Is Internet Explorer a Web Browser? You Don’t Even Know, Do You?
Did you hear about the big study on browser use and IQ? As reported by CNN, BBC News, the Telegraph, Forbes and other major news outlets, a Canadian web consulting firm named Aptiquant released the results of a survey of 100,000 internet users, revealing that, perhaps unsurprisingly, users of Microsoft’s Internet Explorer (IE) browser had lower IQs than users of Firefox, Google Chrome, Safari and other browser alternatives.
The real surprise was just how unintelligent IE users are. The Guardian reported that “The results suggested that Internet Explorer surfers had an average IQ in the low eighties.” Whereas a score between 90 and 110 represents “normal or average intelligence,” a score of 80-90 signifies “dullness,” and 70-80 “borderline deficiency.” Ouch.
Checking to see which browser you use? This would be a good time to check the facts as well, because this “study” turned out to be an elaborate hoax! The Aptiquant website was less than a month old and had stripped most of its content from another company’s site so as to appear legit.
There’s a lot of things I find variously funny, sad and revealing about this, so let’s just hit a few of the major ones, shall we? (By the way, according to our Free Keyword Tool, “is internet explorer a web browser” is a pretty commonly searched keyword – hard to say, though, if this is largely due to Microsoft haters googling longer phrases like “is internet explorer a web browser or a piece of crap” …)
Hindsight Is 20/20
Naturally, many of the news outlets that ran stories on the study originally have replaced those stories with updates on the nature of the hoax. Doug Gross, who originally reported on it for CNN, did say at the time that “Those numbers … probably aren't very scientific.” But that didn’t stop them from running the story, now, did it? The updated hoax article quotes a Sophos consultant on the matter:
I think most people just assumed that the research's findings were dubious or unscientific, but it turned out the website was a sham too.
So what does this say about CNN’s reporting? Either they thought the study was credible (in which case, shame on them) or they didn’t care whether it was credible (in which case, shame on them). It’s one thing if you’re playing the story for humor value – see The Awl’s summary of the story, titled “If You're Using Internet Explorer You Might Not Understand This Post,” in which Alex Balk asserts “The fact that this article no longer appears on the Daily Mail's website does not mean that this assertion is incorrect.”
But these news outlets likely just didn’t have anything better to write about, and controversy always gives good page view. As Michael Hanlon wrote on the Daily Mail’s science blog, “Beware the summer science story.” Still, Hanlon too figures it’s probably true anyway:
Although it sounds utterly bonkers (and a couple of commentators have claimed it may be a hoax, but who cares?) a picosecond’s thought shows that there probably IS some sort of correlation between IE and IQ – simply for the reason that 99% of PCs sold have this browser preinstalled and to use another one you have to go to the bother of downloading it – a faintly geeky task that probably self-selects for people in the top half of the IQ bell-curve.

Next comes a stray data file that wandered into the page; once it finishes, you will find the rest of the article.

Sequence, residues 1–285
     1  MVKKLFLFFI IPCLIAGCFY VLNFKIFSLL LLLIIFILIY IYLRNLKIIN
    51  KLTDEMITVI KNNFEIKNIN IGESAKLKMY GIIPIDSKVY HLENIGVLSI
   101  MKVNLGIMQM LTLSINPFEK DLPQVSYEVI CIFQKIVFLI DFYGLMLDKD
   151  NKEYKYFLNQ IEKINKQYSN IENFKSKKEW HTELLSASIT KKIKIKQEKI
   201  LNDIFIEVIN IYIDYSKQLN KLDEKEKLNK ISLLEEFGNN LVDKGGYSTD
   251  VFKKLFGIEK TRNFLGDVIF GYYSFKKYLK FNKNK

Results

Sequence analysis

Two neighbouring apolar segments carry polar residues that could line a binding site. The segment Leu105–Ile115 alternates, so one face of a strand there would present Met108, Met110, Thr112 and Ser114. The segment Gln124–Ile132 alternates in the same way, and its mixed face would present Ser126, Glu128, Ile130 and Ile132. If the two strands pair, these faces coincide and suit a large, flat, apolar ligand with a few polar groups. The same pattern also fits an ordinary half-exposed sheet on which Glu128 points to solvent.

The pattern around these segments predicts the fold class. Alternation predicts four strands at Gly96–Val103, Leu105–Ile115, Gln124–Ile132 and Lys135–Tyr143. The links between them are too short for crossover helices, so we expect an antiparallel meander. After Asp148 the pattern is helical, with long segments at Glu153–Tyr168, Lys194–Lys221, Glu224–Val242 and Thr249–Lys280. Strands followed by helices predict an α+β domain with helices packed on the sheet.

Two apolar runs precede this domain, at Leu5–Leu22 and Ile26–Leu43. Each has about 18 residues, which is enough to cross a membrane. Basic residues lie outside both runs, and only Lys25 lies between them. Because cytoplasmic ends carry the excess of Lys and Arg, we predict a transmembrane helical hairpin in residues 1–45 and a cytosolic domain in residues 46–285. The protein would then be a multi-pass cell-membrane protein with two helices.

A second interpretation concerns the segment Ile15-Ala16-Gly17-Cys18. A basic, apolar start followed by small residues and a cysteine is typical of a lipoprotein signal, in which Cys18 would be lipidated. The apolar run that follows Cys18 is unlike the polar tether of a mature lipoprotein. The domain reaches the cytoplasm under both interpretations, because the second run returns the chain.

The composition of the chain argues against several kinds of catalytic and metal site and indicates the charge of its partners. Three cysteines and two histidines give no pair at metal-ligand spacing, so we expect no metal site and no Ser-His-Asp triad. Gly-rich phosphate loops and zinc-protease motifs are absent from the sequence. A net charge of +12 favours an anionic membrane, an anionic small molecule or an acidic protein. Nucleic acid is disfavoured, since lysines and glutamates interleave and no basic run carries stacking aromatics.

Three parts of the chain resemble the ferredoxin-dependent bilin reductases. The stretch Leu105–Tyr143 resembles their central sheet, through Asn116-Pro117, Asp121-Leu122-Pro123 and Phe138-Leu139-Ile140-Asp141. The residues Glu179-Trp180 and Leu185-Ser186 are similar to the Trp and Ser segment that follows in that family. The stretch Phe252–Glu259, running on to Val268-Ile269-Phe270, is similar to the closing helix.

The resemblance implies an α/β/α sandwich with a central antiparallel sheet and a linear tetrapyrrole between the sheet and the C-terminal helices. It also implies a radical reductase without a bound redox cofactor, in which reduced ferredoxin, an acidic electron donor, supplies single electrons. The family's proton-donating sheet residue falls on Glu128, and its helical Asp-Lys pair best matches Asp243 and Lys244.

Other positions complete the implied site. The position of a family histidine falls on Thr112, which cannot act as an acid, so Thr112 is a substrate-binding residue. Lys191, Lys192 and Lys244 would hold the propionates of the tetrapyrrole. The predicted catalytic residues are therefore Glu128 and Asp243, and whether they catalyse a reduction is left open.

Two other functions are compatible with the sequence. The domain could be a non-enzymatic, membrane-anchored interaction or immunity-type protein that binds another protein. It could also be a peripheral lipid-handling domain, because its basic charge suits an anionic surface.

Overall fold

Not everyone is claiming to have always been the wiser, though – kudos to PC Pro for admitting they were had: “We'd like to offer a tip of the hat to the hoaxers for a job well done and to our readers who pointed out flaws in the story - and apologise for running the story in the first place.”
Beware of Studies that Confirm Your Beliefs
A little thing called confirmation bias ensures that humans are more receptive to evidence that supports what they already believe to be true. If you’re reading this blog, you’re probably on the techy/geeky side, and you probably don’t use IE (or, if you do, you use the newest version which supports HTML5). And you’re probably a little superior about your technology choices (I’m looking at you, Mac people). But let’s not forget that there are brilliant people who don’t care a whit about technology. Let’s also not forget that biased researchers tend to produce biased results, hence the need for double-blind studies – I’m sure that if some Firefox users wanted to prove that IE users are dumb, they could finagle the “data” to show it.
Beware the Mainstream Media Version of “Science,” Period
Indignant readers are the ones who investigated the source of the study and noticed something smelled fishy. In this fast-flying, page-view-seeking age, most articles don’t get put through the legitimacy wringer before going to “print.” So just because the words Study Shows appear in the headline doesn’t mean you should turn your bullshit detector to airplane mode.
More Web Marketing Highlights This Week
Want to screw up your A/B test so the results are absolutely meaningless? Great! Here are five ways to do that, courtesy of the Unbounce blog.
Tired of seeing the same blog articles over and over? I know I am, and so is Michael Erin Strong of Blueglass, who has some good tips for “pre-writing,” i.e., making sure your blog posts aren’t just more of the same.
At Search Engine Watch, Alex Cohen shares 10 key things he learned from working at a search startup, including the importance of conversion rate optimization and “being awesome at sharing.”
Speaking of conversion rate optimization, Search Engine Land offers some unconventional ideas about boosting conversions through creative 404, thank you and support pages, among other opportunities.
There’s a long, interesting article in the New York Review of Books about “how Google dominates us,” drawing insights from four recent books about the search giant.
Have a great weekend, folks.